Sisi and Emperor Franz Joseph spend their honeymoon at Laxenburg Castle, the “imperial residence before the gates of Vienna.” These are lonely weeks for the young lady whose husband pursues his work of reigning even during this time. Just as Franz Joseph came to love Laxenburg in his childhood, Sisi cherishes the surrounding gardens, parks and forests. The spacious areal is a showpiece of botanical artwork of international rank. The castle complex is a favorite spring and summer residence of the Habsburgs since the 14th century.
Here Elisabeth brings two of her children into the world, one being Rudolf, crown prince and only son of the imperial couple. Owned by the imperial family since the Middle Ages, the castle park presents an impressive example of garden art of the 18th and 19th centuries. In the 19th century, Peter Joseph Lenné, the most distinguished garden architect of his time who also designs Rose Island in Lake Starnberg, refurbishes the garden even more. Under the rule of Emperor Franz I and his palace bailiff Michael Riedl, unique pleasure gardens, grottoes and temples and even an arena are created. The picturesque landscape designed during this time with precious trees and shrubs, meadows and bodies of water has led the castle park of Laxenburg to advance to one of the most significant, beautiful and historical garden landscapes of Europe today.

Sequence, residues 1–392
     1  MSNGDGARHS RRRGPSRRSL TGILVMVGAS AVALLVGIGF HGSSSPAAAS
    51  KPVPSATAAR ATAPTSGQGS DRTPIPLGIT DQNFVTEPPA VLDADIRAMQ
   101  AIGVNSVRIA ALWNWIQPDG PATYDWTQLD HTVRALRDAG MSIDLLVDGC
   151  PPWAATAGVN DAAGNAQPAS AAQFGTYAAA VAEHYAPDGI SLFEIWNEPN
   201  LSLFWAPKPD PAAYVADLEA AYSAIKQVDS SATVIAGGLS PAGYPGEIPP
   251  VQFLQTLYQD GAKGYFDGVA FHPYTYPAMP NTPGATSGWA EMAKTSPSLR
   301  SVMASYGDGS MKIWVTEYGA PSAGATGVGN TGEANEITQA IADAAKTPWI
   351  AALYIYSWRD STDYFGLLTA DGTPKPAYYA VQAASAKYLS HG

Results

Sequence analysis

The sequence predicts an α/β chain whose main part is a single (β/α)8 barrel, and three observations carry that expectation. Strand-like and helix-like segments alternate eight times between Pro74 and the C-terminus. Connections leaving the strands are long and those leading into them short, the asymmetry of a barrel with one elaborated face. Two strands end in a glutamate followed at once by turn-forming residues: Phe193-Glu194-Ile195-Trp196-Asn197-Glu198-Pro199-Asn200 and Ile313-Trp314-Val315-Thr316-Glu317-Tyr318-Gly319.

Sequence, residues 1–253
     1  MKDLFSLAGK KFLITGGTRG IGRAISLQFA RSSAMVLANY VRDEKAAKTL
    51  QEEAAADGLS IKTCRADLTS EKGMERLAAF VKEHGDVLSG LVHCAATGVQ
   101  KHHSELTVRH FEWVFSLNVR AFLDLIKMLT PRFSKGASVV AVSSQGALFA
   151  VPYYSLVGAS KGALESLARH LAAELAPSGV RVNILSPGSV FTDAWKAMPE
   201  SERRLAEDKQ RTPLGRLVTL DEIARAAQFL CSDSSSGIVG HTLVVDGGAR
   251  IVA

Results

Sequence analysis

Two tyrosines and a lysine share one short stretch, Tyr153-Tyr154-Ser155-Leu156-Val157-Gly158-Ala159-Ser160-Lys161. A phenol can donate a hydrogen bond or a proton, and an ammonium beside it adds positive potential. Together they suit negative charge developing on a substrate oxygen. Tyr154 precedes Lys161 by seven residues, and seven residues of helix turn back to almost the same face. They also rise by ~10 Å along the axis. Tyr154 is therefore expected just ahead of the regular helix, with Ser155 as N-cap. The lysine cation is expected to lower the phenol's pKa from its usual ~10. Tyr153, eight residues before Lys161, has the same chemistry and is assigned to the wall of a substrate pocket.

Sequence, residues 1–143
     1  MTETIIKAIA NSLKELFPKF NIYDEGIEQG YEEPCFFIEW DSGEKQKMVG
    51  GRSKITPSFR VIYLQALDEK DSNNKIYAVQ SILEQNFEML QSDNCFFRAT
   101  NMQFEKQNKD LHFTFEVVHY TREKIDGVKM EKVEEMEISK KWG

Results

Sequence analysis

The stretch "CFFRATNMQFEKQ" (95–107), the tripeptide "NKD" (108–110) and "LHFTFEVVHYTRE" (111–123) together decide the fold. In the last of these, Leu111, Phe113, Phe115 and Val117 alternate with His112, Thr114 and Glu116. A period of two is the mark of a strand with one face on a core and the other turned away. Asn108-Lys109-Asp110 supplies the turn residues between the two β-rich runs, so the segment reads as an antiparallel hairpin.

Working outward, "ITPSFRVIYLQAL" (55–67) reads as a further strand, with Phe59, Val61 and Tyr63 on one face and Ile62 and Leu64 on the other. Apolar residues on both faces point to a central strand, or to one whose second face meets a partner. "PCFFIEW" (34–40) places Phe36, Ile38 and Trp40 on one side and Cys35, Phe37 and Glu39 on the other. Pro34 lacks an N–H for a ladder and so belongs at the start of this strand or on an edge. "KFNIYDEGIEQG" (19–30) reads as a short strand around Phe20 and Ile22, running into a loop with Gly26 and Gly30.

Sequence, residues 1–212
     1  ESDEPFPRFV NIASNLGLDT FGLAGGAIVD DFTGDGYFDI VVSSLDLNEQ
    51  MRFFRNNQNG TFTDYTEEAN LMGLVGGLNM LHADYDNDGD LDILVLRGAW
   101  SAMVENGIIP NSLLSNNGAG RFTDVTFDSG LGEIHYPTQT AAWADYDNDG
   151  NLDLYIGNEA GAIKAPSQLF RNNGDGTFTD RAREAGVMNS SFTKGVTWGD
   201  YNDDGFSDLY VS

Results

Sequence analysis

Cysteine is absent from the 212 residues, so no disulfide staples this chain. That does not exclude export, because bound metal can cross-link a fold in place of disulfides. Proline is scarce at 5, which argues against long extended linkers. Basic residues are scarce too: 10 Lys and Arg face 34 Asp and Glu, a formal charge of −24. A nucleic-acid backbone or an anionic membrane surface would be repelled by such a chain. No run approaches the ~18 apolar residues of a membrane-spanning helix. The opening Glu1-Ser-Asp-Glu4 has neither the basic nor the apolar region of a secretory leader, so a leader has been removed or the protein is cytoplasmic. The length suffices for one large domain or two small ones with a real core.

Franzensburg, a true-to-the-original reproduction of a medieval knight’s castle, is the heart of the castle park and stands on an artificial island in the middle of the castle pond. This “garden house in old German style” is one of the principal creative works of romantic classicism in the Danube Monarchy of that time. Protected as a historic monument, the imperial railway station “Kaiserbahnhof” is the oldest maintained station of Biedermeier style in Austria and reflects the time of the Austro-Hungarian Monarchy.
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